Can women dynasty politicians disrupt social norms of political leadership? A proposed typology of normative change

AuthorKerryn Baker,Sonia Palmieri
Published date01 January 2023
Date01 January 2023
Subject MatterOriginal Research Articles
International Political Science Review
2023, Vol. 44(1) 122 –136
© The Author(s) 2021
Article reuse guidelines:
DOI: 10.1177/01925121211048298
Can women dynasty politicians
disrupt social norms of political
leadership? A proposed typology
of normative change
Kerryn Baker and Sonia Palmieri
The Australian National University, Australia
Social norms that legitimise men as political leaders, and undervalue women’s leadership, are a tenacious
barrier to women’s representation globally. This article explores the circumstances under which women
dynasty politicians, whose legacy connections have provided them with an initial pathway into politics, are
able to disrupt these norms. We test a proposed typology of normative change – one that progresses from
norm acceptance, to norm modification, then norm resistance – among women dynasty politicians in the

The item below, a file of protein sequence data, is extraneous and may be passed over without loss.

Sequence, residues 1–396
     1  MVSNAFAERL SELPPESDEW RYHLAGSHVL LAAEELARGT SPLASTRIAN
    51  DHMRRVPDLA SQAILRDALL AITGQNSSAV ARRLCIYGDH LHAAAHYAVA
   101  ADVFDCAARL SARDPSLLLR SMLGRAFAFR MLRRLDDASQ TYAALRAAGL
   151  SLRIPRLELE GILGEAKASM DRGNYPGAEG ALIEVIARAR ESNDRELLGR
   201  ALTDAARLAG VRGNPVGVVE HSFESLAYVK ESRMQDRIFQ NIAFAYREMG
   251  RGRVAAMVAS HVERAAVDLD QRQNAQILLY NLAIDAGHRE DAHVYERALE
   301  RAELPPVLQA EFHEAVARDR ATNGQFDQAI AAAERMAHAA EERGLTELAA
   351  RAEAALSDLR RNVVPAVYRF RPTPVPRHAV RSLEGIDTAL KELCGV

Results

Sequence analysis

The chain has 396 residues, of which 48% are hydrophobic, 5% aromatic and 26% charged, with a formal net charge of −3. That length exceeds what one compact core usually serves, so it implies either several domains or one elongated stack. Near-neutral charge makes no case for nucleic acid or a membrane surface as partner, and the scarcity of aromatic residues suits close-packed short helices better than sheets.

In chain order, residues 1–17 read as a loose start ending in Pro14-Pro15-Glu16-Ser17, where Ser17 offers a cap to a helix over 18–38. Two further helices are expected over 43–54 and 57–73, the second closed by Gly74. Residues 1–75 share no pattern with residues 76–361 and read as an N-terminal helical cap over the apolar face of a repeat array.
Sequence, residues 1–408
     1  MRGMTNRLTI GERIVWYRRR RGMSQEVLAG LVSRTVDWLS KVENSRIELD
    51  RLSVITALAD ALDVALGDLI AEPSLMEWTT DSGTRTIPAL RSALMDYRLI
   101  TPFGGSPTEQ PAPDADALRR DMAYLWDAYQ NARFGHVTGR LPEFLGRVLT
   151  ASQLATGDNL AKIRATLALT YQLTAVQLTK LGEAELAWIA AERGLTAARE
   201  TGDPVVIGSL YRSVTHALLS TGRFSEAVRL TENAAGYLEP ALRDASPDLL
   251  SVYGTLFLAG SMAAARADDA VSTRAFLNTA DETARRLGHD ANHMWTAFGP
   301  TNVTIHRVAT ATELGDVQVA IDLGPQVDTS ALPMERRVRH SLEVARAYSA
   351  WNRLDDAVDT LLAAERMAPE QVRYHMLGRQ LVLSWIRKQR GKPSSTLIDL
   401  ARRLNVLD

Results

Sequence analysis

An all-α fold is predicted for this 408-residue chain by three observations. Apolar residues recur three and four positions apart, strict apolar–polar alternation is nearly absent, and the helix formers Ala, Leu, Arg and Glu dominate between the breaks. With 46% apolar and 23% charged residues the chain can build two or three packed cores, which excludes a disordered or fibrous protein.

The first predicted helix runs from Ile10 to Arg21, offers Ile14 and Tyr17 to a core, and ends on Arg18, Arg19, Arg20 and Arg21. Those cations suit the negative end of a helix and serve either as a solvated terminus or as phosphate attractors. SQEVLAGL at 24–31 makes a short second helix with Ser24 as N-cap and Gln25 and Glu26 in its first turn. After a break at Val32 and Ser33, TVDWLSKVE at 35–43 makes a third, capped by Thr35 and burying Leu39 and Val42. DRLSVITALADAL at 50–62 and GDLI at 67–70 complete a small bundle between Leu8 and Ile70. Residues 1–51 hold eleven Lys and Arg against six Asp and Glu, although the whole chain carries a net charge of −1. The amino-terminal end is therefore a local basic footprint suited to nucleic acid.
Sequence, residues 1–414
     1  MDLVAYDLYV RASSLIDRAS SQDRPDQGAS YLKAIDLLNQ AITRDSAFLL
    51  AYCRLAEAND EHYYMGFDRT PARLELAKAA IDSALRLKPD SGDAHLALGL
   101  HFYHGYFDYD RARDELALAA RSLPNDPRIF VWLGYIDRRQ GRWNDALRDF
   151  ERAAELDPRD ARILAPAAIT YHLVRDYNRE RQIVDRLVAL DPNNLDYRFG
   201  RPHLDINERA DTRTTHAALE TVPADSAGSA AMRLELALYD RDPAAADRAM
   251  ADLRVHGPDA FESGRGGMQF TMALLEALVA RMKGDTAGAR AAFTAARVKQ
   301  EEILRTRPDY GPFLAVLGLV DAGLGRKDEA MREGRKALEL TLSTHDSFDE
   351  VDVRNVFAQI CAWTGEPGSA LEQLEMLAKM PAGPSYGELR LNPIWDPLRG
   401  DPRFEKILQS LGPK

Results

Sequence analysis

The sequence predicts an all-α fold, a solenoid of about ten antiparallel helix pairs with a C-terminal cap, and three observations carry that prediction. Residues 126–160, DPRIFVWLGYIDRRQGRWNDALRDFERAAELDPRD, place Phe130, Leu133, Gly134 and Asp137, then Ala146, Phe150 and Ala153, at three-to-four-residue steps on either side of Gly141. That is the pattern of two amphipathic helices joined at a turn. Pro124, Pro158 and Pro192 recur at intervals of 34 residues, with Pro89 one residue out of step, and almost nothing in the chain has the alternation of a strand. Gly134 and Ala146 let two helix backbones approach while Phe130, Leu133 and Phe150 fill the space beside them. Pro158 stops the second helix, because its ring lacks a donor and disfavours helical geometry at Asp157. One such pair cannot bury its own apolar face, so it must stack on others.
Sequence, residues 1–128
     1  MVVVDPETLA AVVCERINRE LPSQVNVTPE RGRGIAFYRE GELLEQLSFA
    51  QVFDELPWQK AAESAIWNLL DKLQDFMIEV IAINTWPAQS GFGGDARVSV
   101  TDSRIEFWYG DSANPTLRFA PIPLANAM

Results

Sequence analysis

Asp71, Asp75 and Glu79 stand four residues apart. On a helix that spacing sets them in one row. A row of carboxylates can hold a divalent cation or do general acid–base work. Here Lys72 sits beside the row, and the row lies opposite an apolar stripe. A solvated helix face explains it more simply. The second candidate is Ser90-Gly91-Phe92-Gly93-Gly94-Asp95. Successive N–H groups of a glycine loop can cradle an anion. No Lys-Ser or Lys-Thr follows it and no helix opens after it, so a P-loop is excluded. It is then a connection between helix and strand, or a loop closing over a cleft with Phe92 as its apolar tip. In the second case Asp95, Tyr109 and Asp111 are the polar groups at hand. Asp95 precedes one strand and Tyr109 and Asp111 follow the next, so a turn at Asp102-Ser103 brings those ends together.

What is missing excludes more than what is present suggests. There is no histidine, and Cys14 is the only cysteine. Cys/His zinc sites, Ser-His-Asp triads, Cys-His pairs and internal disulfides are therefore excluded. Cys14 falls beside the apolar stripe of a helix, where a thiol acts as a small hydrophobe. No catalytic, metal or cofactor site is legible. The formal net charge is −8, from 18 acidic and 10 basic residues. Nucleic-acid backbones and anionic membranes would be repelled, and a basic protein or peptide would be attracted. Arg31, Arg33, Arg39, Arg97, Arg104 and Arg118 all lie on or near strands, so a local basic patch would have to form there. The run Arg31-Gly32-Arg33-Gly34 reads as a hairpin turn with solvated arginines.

Pacific Islands. We find that norms of masculinised political leadership are strong, and in many cases the
election of wives, widows, daughters and other relatives of male political actors reinforces these norms
through their positioning as ‘placeholders’. Yet some women dynasty politicians can, and do, challenge and
extend social norms of leadership. This is especially the case when the ‘legacy advantage’ is a springboard
from which women demonstrate – and their publics accept – their own articulation of political leadership.
Women in politics, dynasty politician, norm change, legitimacy, Pacific Islands
Under what circumstances can the social norms that delegitimise women’s political representation
be disrupted? We ask this question in light of a renewed emphasis on the relationship of social
norms to political leadership, commonly exemplified in the pervasive attitude that men make ‘bet-
ter’ political leaders than women. What would it take to challenge this attitude so that more women
were elected, and more broadly, so that women’s leadership was socially, culturally, and politically
valued? In considering these questions, we explore the conditions under which a particular path-
way to politics – which we label a ‘legacy advantage’ – supports the transformation of social norms
that delegitimise women’s political activity. Globally, a key pathway into politics for women – and
Corresponding author:
Sonia Palmieri, Gender Policy Fellow, Department of Pacific Affairs, The Australian National University, HC Coombs
Building, 9 Fellows Rd, Acton, ACT 260, Australia.
1048298IPS0010.1177/01925121211048298International Political Science ReviewBaker and Palmieri
Original Research Article

To continue reading

Request your trial

VLEX uses login cookies to provide you with a better browsing experience. If you click on 'Accept' or continue browsing this site we consider that you accept our cookie policy. ACCEPT